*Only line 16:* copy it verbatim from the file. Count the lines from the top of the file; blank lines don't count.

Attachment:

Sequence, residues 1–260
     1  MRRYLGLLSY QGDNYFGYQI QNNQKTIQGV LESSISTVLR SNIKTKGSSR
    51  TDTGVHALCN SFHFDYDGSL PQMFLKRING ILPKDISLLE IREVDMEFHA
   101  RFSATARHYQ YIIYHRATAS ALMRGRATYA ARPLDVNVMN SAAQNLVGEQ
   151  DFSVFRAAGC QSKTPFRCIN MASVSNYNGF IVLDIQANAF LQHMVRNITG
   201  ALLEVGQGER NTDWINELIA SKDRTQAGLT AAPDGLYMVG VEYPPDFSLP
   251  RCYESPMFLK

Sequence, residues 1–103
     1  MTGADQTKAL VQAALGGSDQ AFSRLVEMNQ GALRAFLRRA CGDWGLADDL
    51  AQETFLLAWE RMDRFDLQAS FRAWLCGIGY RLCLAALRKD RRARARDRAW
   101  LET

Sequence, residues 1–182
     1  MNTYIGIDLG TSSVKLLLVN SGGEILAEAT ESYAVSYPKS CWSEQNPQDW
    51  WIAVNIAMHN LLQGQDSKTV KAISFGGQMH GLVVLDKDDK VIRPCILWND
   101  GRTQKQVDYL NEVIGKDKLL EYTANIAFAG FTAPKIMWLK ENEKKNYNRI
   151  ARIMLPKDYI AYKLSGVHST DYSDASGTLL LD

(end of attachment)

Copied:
   151  ARIMLPKDYI AYKLSGVHST DYSDASGTLL LD